In our patient, upbeat nystagmus was seen in combination with a focal paramedian lesion in the caudal medulla on MRI, encompassing the nucleus intercalatus but not the more central region. The linear slow phase velocity and positional modulation of the nystagmus denotes its vestibular character. The combination of clinical and radiological findings in our patient would therefore argue against the nucleus intercalatus having a role in vertical integration. It should be pointed out, however, that the disappearance of the radiological lesion, concurrent with the clinical signs, does leave some doubt about this interpretation.
The interconnections between the various brainstem regions involved in eye movements are extremely complex,6 but there are reports of afferent vestibular input from the descending and medial vestibular nuclei to the nucleus intercalatus.7 Hence, a focal lesion of this nucleus could result in a central positional nystagmus, as found with other focal brainstem lesions interrupting central vestibular connections.2 Certainly, the marked sensitivity of our patient’s nystagmus to head position, as noted by the patient himself and during examination, suggests that the problem was primarily one of input to the ocular motor control systems (vestibular) rather than a primary failure of ocular motol systems.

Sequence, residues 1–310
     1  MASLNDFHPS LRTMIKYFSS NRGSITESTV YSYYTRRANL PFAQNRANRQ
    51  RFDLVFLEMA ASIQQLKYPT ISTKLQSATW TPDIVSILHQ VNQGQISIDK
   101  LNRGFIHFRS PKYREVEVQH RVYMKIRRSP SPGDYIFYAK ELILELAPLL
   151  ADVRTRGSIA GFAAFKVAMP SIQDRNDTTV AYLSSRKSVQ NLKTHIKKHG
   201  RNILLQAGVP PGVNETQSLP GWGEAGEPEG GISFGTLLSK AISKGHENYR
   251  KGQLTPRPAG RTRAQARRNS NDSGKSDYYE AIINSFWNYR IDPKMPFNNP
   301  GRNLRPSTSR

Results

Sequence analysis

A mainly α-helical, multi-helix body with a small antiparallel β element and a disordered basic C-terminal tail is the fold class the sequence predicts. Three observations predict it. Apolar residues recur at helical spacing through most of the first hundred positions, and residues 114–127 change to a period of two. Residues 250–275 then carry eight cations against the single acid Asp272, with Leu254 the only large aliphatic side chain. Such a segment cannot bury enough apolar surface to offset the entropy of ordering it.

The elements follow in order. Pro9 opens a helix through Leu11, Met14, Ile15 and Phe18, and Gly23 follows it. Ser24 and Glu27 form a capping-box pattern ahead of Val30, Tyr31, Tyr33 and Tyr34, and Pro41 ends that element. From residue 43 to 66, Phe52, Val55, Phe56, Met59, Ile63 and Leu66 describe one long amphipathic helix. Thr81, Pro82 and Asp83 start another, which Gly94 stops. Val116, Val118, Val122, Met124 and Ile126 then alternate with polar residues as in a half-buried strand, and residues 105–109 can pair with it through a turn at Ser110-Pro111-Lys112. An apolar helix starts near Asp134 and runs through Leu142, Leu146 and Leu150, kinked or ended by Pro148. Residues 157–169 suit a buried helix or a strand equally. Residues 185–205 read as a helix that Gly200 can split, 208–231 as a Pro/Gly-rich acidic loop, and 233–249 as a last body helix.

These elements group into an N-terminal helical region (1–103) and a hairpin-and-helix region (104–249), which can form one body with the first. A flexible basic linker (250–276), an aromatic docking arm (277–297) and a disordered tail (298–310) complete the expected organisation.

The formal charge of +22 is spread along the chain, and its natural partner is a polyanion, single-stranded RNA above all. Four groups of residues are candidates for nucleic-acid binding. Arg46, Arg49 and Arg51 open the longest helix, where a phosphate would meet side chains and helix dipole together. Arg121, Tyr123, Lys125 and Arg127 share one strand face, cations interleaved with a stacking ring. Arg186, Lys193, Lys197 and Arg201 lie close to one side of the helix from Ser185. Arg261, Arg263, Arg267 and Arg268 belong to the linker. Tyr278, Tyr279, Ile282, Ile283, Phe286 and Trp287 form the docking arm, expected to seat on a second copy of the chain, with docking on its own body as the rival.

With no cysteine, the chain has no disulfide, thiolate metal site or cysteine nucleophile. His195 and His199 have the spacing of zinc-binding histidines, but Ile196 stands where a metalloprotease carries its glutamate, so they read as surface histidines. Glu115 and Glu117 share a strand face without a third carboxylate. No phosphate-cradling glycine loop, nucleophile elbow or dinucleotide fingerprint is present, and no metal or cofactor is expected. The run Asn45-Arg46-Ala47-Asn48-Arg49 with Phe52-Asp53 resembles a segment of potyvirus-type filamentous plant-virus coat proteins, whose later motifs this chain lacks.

Note added in proof
Since this paper was accepted, Hiroseet al (Ann Neurol1998;43:403–406) have reported on a patient with upbeat nystagmus in the primary position after a medial medullary infarct. By comparison with other cases of medial medullary infarction without upbeat nystagmus, they conclude that dorsal extension of the lesion to encompass the nucleus intercalatus of Staderini is the critical feature to account for this clinical finding. However, contrary to our findings, they found that the upbeat nystagmus in their patient sometimes had an exponentially decreasing slow phase and hence they concur with the belief of Munro et al 5 that the nucleus intercalatus is a part of the vertical position-to-velocity neural integrator of the human oculomotor system.
Thanks are due to Dr Mary Faldon, MRC Human Movement and Balance Unit, National Hospital, Queen Square, for ocular recordings and for preparing fig 2.